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other states, and have lost their lives in the undertaking. Too severe a judgment can hardly be passed by the indignant sense of the community upon those who, being better informed themselves, have yet led away the ardor of youth and an ill-directed love of political liberty. The correspondence between this Government and that of Spain relating to this transaction is herewith communicated.
Although these offenders against the laws have forfeited the protection of their country, yet the Government may, so far as consistent with its obligations to other countries and its fixed purpose to maintain and enforce the laws, entertain sympathy for their unoffending families and friends, as well as a feeling of compassion for themselves. Accordingly, no proper effort has been spared and none will be spared to procure the release of such citizens of the United States engaged in this unlawful enterprise as are now in confinement in Spain; but it is to be hoped that such interposition with the Government of that country may not be considered as affording any ground of expectation that the Government of the United States will hereafter feel itself under any obligation of duty to intercede for the liberation or pardon of such persons as are flagrant offenders against the law of nations and the laws of the United States. These laws must be executed. If we desire to maintain our respectability among the nations of the earth, it behooves us to enforce steadily and sternly the neutrality acts passed by Congress and to follow as far as may be the violation of those acts with condign punishment.
But what gives a peculiar criminality to this invasion of Cuba is that, under the lead of Spanish subjects and with the aid of citizens of the United States, it had its origin with many in motives of cupidity. Money was advanced by individuals, probably in considerable amounts, to purchase Cuban bonds, as they have been called, issued by Lopez, sold, doubtless, at a very large discount, and for the payment of which the public lands and public property of Cuba, of whatever kind, and the fiscal resources of the people and government of that island, from whatever source to be derived, were pledged, as well as the good faith of the government expected to be established. All these means of payment, it is evident, were only to be obtained by a process of bloodshed, war, and revolution. None will deny that those who set on foot military expeditions against foreign states by means like these are far more culpable than the ignorant and the necessitous whom they induce to go forth as the ostensible parties in the proceeding. These originators of the invasion of Cuba seem to have determined with coolness and system upon an undertaking which should disgrace their country, violate its laws, and put to hazard the lives of ill-informed and deluded men. You will consider whether further legislation be necessary to prevent the perpetration of such offenses in future.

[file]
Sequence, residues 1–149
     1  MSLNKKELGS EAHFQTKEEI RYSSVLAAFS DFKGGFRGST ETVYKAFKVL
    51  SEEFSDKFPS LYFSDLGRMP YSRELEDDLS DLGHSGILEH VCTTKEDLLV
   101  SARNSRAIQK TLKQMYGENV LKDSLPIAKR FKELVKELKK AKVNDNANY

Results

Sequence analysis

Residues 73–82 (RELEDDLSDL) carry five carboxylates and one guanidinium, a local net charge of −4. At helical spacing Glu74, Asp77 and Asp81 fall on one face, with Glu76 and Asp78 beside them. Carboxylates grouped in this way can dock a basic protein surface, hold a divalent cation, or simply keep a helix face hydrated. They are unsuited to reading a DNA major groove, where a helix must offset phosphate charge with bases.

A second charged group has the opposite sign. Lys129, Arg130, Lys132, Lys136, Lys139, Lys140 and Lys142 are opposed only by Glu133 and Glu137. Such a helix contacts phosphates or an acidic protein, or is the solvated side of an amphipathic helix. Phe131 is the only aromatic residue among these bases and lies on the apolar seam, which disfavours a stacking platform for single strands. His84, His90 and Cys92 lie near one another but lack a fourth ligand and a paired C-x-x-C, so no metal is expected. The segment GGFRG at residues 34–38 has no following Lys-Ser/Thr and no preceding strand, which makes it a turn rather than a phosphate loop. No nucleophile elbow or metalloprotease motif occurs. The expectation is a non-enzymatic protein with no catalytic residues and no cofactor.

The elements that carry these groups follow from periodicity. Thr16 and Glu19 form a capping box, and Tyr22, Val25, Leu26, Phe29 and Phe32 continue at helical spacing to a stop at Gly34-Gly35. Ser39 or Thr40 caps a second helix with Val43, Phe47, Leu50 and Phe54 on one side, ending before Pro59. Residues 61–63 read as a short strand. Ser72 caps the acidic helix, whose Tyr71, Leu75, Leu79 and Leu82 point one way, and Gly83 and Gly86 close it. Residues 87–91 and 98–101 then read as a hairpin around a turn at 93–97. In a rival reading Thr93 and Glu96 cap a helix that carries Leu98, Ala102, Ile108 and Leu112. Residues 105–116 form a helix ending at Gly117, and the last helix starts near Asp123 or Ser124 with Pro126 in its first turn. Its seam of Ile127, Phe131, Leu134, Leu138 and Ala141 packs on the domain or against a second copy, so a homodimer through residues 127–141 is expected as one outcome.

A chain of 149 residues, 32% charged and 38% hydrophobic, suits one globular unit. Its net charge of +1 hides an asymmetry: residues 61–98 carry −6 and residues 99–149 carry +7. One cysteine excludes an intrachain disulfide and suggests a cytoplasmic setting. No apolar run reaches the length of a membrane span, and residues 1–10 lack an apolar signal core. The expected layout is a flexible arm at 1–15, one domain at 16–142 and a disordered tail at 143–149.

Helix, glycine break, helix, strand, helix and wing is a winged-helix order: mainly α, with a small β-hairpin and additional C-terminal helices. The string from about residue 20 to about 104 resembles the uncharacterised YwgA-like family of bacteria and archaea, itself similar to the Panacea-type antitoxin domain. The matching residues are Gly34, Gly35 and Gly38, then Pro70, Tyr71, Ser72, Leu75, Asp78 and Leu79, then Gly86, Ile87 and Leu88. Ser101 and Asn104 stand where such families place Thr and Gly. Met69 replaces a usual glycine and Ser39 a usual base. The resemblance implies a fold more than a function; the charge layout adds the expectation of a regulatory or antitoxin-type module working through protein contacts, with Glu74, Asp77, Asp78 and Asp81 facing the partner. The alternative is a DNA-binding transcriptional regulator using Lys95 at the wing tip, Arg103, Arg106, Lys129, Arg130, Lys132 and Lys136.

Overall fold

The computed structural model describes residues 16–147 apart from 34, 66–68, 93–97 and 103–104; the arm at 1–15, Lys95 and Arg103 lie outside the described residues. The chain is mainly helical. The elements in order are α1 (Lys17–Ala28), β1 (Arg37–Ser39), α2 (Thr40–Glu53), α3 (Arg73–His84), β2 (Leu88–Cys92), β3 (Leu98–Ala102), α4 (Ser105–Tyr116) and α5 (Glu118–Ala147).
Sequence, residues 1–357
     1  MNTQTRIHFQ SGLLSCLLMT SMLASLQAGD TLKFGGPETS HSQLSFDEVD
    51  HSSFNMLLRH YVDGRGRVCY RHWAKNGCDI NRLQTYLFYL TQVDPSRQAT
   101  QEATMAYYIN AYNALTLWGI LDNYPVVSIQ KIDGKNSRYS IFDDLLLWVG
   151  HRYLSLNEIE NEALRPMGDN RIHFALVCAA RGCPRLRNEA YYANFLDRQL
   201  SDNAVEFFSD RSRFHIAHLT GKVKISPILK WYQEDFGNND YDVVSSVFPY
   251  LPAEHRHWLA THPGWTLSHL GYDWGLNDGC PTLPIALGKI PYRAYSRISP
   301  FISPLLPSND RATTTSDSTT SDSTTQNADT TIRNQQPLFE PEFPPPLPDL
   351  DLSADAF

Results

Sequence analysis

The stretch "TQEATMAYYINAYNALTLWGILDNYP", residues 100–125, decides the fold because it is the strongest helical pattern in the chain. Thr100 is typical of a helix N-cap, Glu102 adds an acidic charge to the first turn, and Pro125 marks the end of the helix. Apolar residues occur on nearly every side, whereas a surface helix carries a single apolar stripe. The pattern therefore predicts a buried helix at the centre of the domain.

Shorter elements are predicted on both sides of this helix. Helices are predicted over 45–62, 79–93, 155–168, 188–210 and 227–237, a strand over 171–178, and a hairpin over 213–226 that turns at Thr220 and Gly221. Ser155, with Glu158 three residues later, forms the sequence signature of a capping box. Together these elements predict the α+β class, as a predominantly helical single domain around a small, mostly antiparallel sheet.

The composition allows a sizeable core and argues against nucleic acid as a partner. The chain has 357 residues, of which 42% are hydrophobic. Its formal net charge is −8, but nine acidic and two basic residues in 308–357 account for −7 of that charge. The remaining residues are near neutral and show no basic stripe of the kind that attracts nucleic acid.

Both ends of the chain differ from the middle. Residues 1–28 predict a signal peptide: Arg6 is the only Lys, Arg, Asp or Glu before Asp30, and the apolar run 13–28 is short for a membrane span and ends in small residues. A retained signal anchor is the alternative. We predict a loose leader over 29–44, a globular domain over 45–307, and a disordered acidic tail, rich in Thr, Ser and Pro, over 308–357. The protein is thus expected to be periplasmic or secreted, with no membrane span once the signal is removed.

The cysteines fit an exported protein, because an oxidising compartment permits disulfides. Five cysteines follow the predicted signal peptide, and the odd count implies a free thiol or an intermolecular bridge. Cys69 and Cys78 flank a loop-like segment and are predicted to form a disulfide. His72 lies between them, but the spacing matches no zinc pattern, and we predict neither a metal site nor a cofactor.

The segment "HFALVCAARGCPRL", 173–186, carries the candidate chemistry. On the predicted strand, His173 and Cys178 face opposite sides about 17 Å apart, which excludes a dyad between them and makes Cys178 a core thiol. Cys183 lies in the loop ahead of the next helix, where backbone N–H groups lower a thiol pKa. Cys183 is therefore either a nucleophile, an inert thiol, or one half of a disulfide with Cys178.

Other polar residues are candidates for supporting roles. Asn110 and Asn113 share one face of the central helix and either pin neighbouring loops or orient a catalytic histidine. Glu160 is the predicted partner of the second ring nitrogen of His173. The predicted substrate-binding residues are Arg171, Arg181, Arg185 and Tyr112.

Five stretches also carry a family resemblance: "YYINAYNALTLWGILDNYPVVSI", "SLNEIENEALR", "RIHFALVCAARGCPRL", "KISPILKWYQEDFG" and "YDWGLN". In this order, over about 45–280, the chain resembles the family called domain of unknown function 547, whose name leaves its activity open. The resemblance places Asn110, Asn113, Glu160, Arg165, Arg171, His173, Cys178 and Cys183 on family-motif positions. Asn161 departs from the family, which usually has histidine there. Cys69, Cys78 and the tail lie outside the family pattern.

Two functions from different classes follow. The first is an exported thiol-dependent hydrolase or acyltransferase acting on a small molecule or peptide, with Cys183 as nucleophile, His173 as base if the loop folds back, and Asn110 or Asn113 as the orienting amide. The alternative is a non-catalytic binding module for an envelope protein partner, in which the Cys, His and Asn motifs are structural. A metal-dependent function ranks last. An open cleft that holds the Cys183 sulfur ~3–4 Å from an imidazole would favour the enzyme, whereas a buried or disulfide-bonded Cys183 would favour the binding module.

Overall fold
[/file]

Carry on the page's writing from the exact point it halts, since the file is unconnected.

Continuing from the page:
No individuals have a right to hazard the peace of the country or to
violate its laws upon vague notions of altering or reforming governments in other states. This principle is not only reasonable in itself and in accordance with public law, but is ingrafted into the codes of other nations as well as our own. But while such are the sentiments of this Government, it may be added that every independent nation must be presumed to be able to defend its possessions against unauthorized individuals banded together to attack them. The Government of the United States at all times since its establishment has abstained and has sought to restrain the citizens of the country from entering into controversies between other powers, and to observe all the duties of neutrality. At an early period of the Government, in the Administration of Washington, several laws were passed for this purpose. The main provisions of these laws were reenacted by the act of April, 1818, by which, amongst other things, it was declared that
If any person shall, within the territory or jurisdiction of the United States, begin, or set on foot, or provide or prepare the means for, any military expedition or enterprise to be carried on from thence against the territory or dominions of any foreign prince or state, or of any colony, district, or people, with whom the United States are at peace, every person so offending shall be deemed guilty of a high misdemeanor, and shall be fined not exceeding $3,000 and imprisoned not more than three years.
And this law has been executed and enforced to the full extent of the power of the Government from that day to this.